Web Services - PowerPoint PPT Presentation

web services n.
Skip this Video
Loading SlideShow in 5 Seconds..
Web Services PowerPoint Presentation
Download Presentation
Web Services

play fullscreen
1 / 49
Web Services
Download Presentation
Download Presentation

Web Services

- - - - - - - - - - - - - - - - - - - - - - - - - - - E N D - - - - - - - - - - - - - - - - - - - - - - - - - - -
Presentation Transcript

  1. Web Services Semantic Web - Fall 2005 Computer Engineering Department Sharif University of Technology

  2. Outline • What are web services? • Definitions • Advantages • Challenges • Architecture • WS Protocol Stack • SOAP • WSDL • UDDI • Apache Axis

  3. Web evolution XML HTML TCP/IP Technology Applications Text Hypertext FTP, E-mail, Gopher Applications Web pages Connect the Web Web services Browse the Web Program the Web

  4. Definitions • Definition 1: • A web service is a service (“program”) that can be invoked from another program via the web. • Definition 2: • “Web Services are self-contained, self-describing, modular applications that can be published, located, and invoked across the Web”. – IBM Web Services Tutorial • Definition 3: • A Web Service is a service on the Internet that • Use a standardized XML messaging system • Not tied to any operating system or programming language • Optional features • Self-describing: provide public interface to the service via a common XML grammar • Discoverable: Interested parties can find a service and locate its interface

  5. Examples • Flight Reservation • Weather Service • Amazon.com web services • Retrieve geographic information • http://terraserver.microsoft.net/TerraService.asmx • Search the web, check spellings • One of the first useful Web Services built around SOAP • Allows you to integrate your application with Google’s search, spell check, and cached page databases. • http://www.google.com/apis/

  6. A Basic Web Service XML XML Language: JavaOperating System: Linux Language: Perl Operating System: Windows 2000

  7. Web Services Advantages • Use open, text-based standards, which enable components written in different languages and for different platforms to communicate. • Promote a modular approach to programming, so multiple organizations can communicate with the same Web service. • Self-describing (metadata for access and use) • Discoverable (search and locate in registries) • loosely coupled (i.e. Services should not be dependent on each other).

  8. Service Oriented Architecture (Basic Model) WSDL Service Provider Publish Bind SOAP SOAP Service Broker Service User Find SOAP UDDI SOAP– Simple Object Access Protocol / SOA Protocol UDDI – Universal, Description, Discovery, and Integration WSDL – Web Services Description Language

  9. Service Interaction I organise holidays I know the weather Get a car rental quote locate service ask for quote Is quote good enough? Yes Reserve car, provisionally … get other resources reserved Confirm reservation I locate services Service Identifier quote I book car Rentals I book hotels I convert currency I book planes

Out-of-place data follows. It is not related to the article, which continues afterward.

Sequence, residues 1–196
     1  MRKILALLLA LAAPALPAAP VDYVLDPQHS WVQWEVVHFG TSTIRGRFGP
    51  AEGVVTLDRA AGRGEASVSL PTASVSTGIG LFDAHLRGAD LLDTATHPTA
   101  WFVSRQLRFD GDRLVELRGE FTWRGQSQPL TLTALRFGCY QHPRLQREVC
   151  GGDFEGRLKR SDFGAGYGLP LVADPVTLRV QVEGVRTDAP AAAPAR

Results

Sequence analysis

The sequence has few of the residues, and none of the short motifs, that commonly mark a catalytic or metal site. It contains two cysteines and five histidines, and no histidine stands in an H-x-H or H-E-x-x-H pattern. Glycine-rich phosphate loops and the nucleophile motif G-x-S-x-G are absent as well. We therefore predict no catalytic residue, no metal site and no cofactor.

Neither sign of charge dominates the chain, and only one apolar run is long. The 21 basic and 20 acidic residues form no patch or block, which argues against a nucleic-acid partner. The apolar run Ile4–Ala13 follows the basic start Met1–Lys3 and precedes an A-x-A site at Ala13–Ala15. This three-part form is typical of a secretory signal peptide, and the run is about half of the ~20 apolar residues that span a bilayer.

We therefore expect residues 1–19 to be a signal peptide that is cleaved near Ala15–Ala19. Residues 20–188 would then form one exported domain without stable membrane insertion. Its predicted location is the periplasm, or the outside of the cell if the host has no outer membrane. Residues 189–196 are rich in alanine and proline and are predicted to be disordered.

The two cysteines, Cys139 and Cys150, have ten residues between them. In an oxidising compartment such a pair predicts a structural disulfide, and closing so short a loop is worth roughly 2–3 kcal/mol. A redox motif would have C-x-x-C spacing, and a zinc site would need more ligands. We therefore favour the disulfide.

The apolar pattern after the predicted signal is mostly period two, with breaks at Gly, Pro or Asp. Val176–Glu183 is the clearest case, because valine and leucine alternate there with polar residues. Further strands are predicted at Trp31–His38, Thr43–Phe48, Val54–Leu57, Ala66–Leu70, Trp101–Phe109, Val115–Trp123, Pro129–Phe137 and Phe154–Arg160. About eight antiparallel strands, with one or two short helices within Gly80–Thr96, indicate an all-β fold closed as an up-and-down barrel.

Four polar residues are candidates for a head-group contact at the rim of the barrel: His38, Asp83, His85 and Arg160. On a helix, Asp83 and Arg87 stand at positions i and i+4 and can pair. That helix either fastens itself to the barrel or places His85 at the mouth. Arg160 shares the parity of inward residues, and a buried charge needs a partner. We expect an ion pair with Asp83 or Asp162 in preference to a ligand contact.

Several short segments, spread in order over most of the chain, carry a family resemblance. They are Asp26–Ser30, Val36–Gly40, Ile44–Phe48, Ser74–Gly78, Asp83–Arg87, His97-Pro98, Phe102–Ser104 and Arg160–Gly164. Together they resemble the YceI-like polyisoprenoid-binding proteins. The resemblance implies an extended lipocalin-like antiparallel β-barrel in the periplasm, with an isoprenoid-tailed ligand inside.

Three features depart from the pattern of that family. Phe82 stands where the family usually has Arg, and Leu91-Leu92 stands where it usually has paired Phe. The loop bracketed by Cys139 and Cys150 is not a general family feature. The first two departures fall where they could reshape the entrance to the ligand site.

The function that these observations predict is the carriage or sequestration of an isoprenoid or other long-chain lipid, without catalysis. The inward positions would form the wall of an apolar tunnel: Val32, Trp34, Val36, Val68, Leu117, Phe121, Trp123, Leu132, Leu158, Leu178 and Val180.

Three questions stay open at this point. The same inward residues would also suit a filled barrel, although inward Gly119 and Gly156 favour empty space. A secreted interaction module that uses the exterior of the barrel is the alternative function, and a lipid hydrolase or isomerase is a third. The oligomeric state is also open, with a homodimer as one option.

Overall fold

10. Web Service Protocol Stack Searching / Publishing Web Services Discovery UDDI Description WSDL Describing Web Services interface XML Messaging XML-RPC, SOAP,XML Transport HTTP,SMTP,FTP Encoding messages in XML format Transporting XML messages between client and server

  11. Simple Object Access Protocol (SOAP) • SOAP is an XML-based protocol designed to exchange information in a distributed environment (a communication protocol). • SOAP is platform & language independent • SOAP is a W3Cstandard

  12. SOAP: Message Structure <?xml version="1.0"?> <soap:Envelope xmlns:soap="http://www.w3.org/2001/12/soap-envelope“ soap:encodingStyle="http://www.w3.org/2001/12/soap-encoding"> <soap:Header> ... </soap:Header> <soap:Body> ... </soap:Body> </soap:Envelope> SOAP Envelope SOAP Header Headers SOAP Body Message Name & Data

  13. SOAP: Request Example

  14. SOAP: Response Example

  15. SOAP Advantages/Disadvantages • Advantages • Human-readable XML • Easy to debug • SOAP runs over HTTP • Firewalls not affected • Services can be written in any language, platform or operating system. • Disadvantages • S-L-O.............W • XML produces a lot of overhead for small messages

  16. WSDL • Web ServicesDescription Language • WSDL is an XML-based format designed to describe the interfaces exposed by a service • What a service does? • How clients can use it? • Separation of abstract service description from concrete messaging format: • An abstract section describing the interfaces in a protocol-independent way • A concrete section relating the abstract definitions with the specific protocols • It can be used with all protocols (HTTP, SMTP, etc.), but it normally runs over HTTP. • If sender & receiver share and understand same WSDL file, interoperability is guaranteed.

  17. WSDL: Definitions • A WSDL document defines services as a collection of network endpoints or ports, where the port types are abstract collection of operations, and the concrete protocol and data format specifications for a particular port type constitutes a reusable binding. • Types: a container for data type definitions using some type system such as XSD. • Message: an abstract, typed definition of the data being communicated. • Operation: an abstract description of an action supported by the service. • PortType: an abstract set of operations supported by one or more endpoints. • They are equivalent to interfaces. • Binding: a concrete protocol and data format specification for a particular port type. • The interfaces are bound to specific network and transport protocols. It is akin to implementing an interface. • Port: a single endpoint defined as a combination of a binding and a network address. • Service: a collection of related endpoints.